Marasmius oreades is known the world over as the fairy ring mushroom. I have not come upon them in the wild, though they do grow in Australia, having probably been imported from Europe. I came upon them in a market in Perth, where they were being sold for $160 per kilogram, imported from France! The picture below shows what they look like by the time they have been picked, shipped and packed. In France, these are known as Mousserons. Note. October 2012. After investigating further during my trip to France, it appears that Marasmius oreades is known as the Faux Mousseron. Mousseron is applied to Marasmius oreades by English speakers, while the French refer to Calocybe gambosa or St George’s mushroom as mousseron, or mousseron vrai. This muddies the waters somewhat as it is not easy to distinguish the identity of the dried specimens above. The way the stems split and their relative thickness would seem to be contrary to what one would expect from M. oreades. I will pick some in the morning and investigate this further. I will leave the reader to investigate further the identification of these mushrooms. This investigation should be undertaken with care, as there are lots of mushrooms that come up in fairy rings, and some of them are extremely poisonous. Here is a link describing them in Victoria. (I need to find a new link it seems) Update October 2012 Here is a picture of some of these mushrooms growing in France, in the village of Correze, which I am visiting to attend the annual mushroom festival. These are in the lawn of the place where I am staying. I will take one down to the fete tomorrow to have the identification verified.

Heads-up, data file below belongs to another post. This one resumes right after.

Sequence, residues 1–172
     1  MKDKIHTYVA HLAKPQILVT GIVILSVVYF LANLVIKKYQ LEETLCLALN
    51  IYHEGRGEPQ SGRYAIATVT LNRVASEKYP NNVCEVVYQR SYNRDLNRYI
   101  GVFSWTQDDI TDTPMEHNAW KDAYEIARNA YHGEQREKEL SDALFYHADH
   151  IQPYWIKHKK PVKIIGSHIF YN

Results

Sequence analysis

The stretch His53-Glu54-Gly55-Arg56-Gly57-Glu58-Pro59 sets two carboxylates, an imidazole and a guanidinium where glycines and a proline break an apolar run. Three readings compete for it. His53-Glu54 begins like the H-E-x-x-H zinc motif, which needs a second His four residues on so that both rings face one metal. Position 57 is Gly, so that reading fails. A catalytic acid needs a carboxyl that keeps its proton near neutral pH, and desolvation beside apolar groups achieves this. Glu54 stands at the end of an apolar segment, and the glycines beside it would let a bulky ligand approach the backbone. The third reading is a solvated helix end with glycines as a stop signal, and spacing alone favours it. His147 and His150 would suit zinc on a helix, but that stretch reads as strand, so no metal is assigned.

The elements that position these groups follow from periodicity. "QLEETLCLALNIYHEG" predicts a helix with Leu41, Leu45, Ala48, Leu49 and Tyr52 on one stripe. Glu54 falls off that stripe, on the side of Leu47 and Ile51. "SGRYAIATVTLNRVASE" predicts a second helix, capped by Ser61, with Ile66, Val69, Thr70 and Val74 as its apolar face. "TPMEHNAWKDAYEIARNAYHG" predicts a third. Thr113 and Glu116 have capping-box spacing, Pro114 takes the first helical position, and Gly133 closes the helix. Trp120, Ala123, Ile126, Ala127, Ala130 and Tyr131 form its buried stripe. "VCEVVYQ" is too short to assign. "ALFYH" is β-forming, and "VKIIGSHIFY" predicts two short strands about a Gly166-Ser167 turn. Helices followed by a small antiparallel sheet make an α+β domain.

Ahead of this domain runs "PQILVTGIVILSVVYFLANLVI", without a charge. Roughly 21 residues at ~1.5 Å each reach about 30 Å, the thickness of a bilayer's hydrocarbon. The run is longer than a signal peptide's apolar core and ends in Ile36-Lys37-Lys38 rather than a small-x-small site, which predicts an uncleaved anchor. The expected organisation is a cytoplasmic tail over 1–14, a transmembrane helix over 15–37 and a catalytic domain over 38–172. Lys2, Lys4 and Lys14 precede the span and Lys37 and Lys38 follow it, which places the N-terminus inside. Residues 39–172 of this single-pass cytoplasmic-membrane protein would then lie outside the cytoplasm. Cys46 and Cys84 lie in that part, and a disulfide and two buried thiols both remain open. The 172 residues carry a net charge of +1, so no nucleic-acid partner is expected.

A couple of distinctive features of this mushroom are the dark raised central region of the cap, and the toughness of the stem, which can be twisted back on itself without breaking.
While I was in France, I was invited to visit a farm in the Alpes Maritimes, at an elevation of 1000m. Here I was shown M. oreades growing in classic fairy rings in an open paddock. The rings could be seen quite clearly by their dark green colour in comparison to the surrounding grass. The image below shows my host kneeling down to harvest some mushrooms from one of the rings.